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Wavves talk drugs, drama, new album

Wavves

Wavves

Wavves sounds like a summer’s worth of manic energy crammed into three-minute songs, complete with mind-numbing repetition and wailing vocals. Initially the solo project of 29-year-old frontman Nathan Williams, Wavves rose to critical acclaim with its catchy 2010 full-length King of the Beach.

And while the surf-punk rockers’ reputations have been marred by onstage antics in Spain, a canceled European tour, a Twitter war with their record label, and lineup shuffles, it appears there’s no slowing down the now-foursome. City Pages spoke with longtime bassist Stephen Pope about the L.A.-based group’s colorful history and their fifth studio album, V, out October 2.

City Pages: When did you start playing with Wavves?

Stephen Pope: I joined in the fall of 2009. I met Nathan earlier that year while he was playing a festival in Barcelona. We met backstage and became friends and he asked me to join a few months later. We have a guitarist, Alex Gates, who I’ve known since I was a little baby in Memphis, Tennessee. And we have drummer Brian Hill, who’s been in the band for the past two years or so. Nathan knows him from San Diego. He used to be a drummer in a band called the Soft Pack.

CP: Was the show where you met Nathan the Primavera Sound Festival where he reportedly had a breakdown onstage?

SP: It was that show. I was witness to it and I don’t remember any sort of breakdown. I just remember enjoying the show and having a good time with Nathan afterward. I guess some people thought differently.

CP: It seems like, at least in the press, there’s a lot of drama surrounding Wavves. Is that something the band thrives on that or is it something you wish you could move past?

SP: It does seem like there’s lots of drama, in the press at least. I don’t really feel that way in reality. I kind of wish we could move past it and focus more on the music but I also realize that’s probably a reason why a lot of people have heard of Wavves, so it’s a blessing and a curse.

CP: What is the band’s stance on alcohol and drug use? Does anyone have a problem with either of those?

SP: I don’t feel like it’s a problem for anyone. I think we’re neither pro- nor anti-alcohol and drug use. If you want to do it and you do it responsibly, go for it. If you’re a person who can’t handle it, you shouldn’t do it. Obviously, it gets out of hand sometimes. We try not to let it get out of hand.

CP: How would you describe the relationship between band members? What’s the dynamic like?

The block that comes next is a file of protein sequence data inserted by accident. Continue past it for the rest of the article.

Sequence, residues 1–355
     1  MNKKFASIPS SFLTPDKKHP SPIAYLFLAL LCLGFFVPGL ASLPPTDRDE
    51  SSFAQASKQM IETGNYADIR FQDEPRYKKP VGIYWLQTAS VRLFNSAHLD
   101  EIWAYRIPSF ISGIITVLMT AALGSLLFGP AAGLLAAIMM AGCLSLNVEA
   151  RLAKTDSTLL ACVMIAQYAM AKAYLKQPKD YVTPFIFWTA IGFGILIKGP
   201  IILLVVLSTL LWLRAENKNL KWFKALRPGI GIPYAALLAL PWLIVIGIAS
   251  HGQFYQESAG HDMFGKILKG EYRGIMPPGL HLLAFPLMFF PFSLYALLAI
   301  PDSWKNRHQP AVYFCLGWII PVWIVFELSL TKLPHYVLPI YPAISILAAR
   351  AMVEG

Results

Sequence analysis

SP: We spend half the year in close quarters together, so we kind of have to be brotherly, sleeping in the same bed with each other. Before I moved out to L.A., when we were recording in 2011, I slept on Nathan’s couch for a good three months or so. Our relationship within the band has always been a good one. It’s always been positive.

We actually still talk to each other and hang out. I know a lot of bands who are together now who don’t speak to each other; whenever they’re together, they have headphones in their ears and play the shows and go their separate ways. We’re pretty fortunate in that we all get along.

CP: Given that the band has had issues working with record labels before, why did you decide to work with a label again for the new album?

SP: We’ve always kind of worked with labels, just the size of the labels have gone up. Even back with King of the Beach, we were working with Fat Possum, a larger indie label. There were some weird hiccups along the way with Fat Possum also. I guess it goes along with the territory; if you’re getting money from someone to do something, you have to work with them a bit more. The larger it gets, the more frustrating it can be, but there’s pros and cons to everything. We were able to record in a great studio and afford to do that because of working with labels.

CP: Do you feel that the labels infringe on the creativity of the band?

SP: No, we haven’t had any issues with that — and that’s the classic argument behind not working with major labels, that they’ll hinder the process. But, really, Warner Bros. didn’t have anything to say to us while we were recording the album and when we turned in the album, they were happy with it. The only problems we had were miscommunication about the artwork but that all got resolved pretty quickly.

CP: How does the new album compare to your previous releases? Is it in the same vein or has your sound evolved?

SP: I feel like there’s way more energy on this album. I think we were all in a better state while recording the songs. We also collaborated more and wrote all the songs together. It was a more pleasant experience. It was an exciting mood, compared to the last album [2013’s Afraid of Heights]. I don’t think it was a negative experience but we were all in different places and the last album sounded a little more depressing than this one.

CP: What do you see as the future for Wavves? Is this a band that you’ll be in 10 years from now?

SP: I have no idea. I never thought music would be a career thing. It still confuses me. I’m blown away whenever we play a show and people come. If that’s still happening 10 years from now, then yeah, we’ll still be doing it.

CP: Do you have a backup plan?

SP: When we had a little time off, I was cleaning houses and scrubbing toilets. So I guess maid is my backup plan?

Wavves

With: Twin Peaks

When: 7 p.m. Tue., Sept. 22

Where: Varsity Theater

Tickets: $20-$25. More info here